Fixed. Fixed. Fixed. The Unmarked Onramp on 24th Street, the Vanishing Bike Lanes on Pennsylvania Avenue, the Trash-Filled MSB Sign — All Fixed.

Three civic nuisances highlighted on Citified, three problems solved.

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There are a lot of things in Philadelphia that grind our gears.

In the last few weeks, we highlighted three such problems: a dangerous, unmarked freeway onramp on 24th Street, disappearing bike lanes on Pennsylvania Avenue, and a Municipal Services Building sign that was stuffed to the gills with trash (metaphor, anyone?).

Citified has learned that not one, not two, but all three issues are being corrected.

First, let’s talk about the horrifying onramp to I-676, located next to the Eakins Oval on the Benjamin Franklin Parkway. It is merely labeled “24th Street,” so many cyclists and drivers believe that it is a local road, while in fact it’s a one-way chute to a three-lane highway.

Eugene Blaum, a spokesman for PennDOT, told us Friday that the department has decided to add new signs to warn people of the oncoming freeway.

“The department reviewed the 24th Street ramp to I-676 East and additional signs will be installed later this month,” he said. “Three regulatory signs stating, ‘Motor Vehicles Only,’ and three sets of ‘I-676 East’ route markers will be placed on the ramp. The ‘Motor Vehicles Only’ sign will be located beneath the I-676 East route marker.”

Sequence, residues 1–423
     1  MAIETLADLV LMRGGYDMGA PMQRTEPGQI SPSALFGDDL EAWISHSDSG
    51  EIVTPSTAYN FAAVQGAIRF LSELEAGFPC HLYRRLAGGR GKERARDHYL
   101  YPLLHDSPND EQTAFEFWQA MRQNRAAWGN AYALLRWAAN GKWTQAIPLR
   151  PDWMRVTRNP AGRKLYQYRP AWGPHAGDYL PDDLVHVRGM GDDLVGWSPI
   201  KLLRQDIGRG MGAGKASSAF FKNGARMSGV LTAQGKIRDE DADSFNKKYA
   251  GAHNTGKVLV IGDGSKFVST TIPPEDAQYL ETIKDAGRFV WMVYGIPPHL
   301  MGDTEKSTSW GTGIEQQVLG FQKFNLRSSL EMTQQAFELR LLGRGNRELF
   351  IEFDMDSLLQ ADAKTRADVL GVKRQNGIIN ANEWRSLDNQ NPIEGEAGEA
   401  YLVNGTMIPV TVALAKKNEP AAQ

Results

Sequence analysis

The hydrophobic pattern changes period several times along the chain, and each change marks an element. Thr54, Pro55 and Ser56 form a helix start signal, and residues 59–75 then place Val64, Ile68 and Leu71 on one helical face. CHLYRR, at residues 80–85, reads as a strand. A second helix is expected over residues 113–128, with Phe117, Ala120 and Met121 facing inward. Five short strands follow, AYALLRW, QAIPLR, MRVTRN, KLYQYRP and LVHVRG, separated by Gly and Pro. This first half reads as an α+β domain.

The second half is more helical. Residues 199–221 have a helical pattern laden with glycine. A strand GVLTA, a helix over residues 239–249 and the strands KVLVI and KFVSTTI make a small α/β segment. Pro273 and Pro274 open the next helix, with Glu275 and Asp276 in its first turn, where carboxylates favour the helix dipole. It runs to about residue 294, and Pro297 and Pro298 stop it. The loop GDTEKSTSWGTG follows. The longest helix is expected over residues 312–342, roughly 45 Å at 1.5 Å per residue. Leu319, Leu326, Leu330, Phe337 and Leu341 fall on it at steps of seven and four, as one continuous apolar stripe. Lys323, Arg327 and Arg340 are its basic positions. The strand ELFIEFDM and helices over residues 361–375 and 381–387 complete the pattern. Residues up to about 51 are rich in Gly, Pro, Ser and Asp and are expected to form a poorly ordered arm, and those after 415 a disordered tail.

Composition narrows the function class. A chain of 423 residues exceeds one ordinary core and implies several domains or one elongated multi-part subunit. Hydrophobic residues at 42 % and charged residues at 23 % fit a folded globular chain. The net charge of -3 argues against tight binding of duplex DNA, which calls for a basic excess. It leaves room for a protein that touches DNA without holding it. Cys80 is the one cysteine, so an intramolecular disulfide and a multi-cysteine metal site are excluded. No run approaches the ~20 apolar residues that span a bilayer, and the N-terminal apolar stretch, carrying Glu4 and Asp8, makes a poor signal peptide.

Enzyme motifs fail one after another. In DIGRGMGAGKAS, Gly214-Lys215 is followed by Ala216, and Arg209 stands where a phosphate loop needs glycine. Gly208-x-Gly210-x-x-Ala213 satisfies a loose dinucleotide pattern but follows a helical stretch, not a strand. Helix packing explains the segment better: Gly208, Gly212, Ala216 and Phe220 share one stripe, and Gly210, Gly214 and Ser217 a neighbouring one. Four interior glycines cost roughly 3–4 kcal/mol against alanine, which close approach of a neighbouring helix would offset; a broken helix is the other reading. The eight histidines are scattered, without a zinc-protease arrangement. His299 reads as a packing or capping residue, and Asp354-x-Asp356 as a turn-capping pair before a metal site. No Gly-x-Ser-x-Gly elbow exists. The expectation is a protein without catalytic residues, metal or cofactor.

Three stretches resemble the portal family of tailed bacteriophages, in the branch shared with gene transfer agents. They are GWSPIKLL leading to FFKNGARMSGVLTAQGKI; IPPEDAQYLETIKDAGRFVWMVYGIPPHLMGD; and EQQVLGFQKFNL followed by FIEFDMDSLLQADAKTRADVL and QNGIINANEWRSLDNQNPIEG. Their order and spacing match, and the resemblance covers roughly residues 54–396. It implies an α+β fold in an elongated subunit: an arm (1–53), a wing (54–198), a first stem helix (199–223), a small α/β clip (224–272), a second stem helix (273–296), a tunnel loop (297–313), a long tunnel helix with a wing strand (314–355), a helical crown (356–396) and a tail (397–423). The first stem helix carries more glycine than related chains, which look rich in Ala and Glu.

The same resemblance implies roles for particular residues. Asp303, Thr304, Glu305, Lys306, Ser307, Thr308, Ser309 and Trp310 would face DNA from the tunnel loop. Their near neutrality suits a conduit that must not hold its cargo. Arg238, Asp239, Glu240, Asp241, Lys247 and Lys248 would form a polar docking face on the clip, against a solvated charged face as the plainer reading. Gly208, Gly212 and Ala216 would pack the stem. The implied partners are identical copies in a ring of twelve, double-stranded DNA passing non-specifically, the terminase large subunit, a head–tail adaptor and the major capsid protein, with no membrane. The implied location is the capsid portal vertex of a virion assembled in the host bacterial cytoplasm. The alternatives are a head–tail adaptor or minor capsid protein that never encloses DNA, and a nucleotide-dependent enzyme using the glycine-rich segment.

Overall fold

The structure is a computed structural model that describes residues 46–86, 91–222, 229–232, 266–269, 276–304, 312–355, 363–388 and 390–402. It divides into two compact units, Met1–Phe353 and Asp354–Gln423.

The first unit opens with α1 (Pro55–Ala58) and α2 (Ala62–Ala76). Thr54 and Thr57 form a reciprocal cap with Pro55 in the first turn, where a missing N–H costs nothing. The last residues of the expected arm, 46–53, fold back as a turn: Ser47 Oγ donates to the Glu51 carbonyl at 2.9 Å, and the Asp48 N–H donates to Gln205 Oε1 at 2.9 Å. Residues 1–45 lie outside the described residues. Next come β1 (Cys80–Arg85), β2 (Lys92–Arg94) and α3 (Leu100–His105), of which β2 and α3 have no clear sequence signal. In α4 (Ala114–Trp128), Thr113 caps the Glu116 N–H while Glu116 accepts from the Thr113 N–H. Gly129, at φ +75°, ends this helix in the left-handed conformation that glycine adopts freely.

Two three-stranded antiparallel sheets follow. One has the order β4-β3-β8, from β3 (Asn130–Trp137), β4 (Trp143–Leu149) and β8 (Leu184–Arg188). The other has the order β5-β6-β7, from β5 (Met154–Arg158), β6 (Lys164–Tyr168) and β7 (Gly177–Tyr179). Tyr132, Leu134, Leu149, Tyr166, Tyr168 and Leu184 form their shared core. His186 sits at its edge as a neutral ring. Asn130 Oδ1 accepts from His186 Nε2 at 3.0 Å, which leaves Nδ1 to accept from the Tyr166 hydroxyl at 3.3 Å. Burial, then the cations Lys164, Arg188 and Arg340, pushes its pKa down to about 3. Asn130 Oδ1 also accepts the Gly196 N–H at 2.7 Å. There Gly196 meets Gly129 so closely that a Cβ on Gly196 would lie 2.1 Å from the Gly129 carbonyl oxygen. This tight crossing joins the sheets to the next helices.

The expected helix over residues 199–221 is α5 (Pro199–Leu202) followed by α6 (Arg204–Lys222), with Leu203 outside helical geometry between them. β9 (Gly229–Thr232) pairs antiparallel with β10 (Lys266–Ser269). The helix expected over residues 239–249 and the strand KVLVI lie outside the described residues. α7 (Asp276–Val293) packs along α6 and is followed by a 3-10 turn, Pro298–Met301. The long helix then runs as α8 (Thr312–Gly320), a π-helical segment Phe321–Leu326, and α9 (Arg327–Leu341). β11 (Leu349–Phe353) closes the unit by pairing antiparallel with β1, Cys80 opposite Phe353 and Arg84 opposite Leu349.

Meanwhile, the bike lane paint on Pennsylvania Avenue between Spring Garden and 27th streets was previously so faint that it was barely perceptible. We received word from readers that the bike lanes had been repainted, after @philabikes had tweeted an image of the road to U.S. Department of Transportation Secretary Anthony Foxx and Citified had highlighted the problem.

That’s when we decided to take a stroll down to the Municipal Services Building to see if it, too, had miraculously been fixed.

Last month, we told you that a screen on the city sign had been removed, and people were dumping trash inside of it. At the time, Thomas McDade of Philadelphia’s Department of Public Property said, “It’s disgusting. … It might get to the point where, if this continues, I’m putting a metal sheet in there.”

It appears that, in fact, he decided to fill it with concrete instead. Which actually sounds like a permanent solution.

MSBsign

Before, and after. | Photos by Holly Otterbein.

Is there a problem in Philly that’s keeping you up at night? Send your nominations for urban nuisances that need fixing to [email protected] or tweet them to @CitifiedPHL.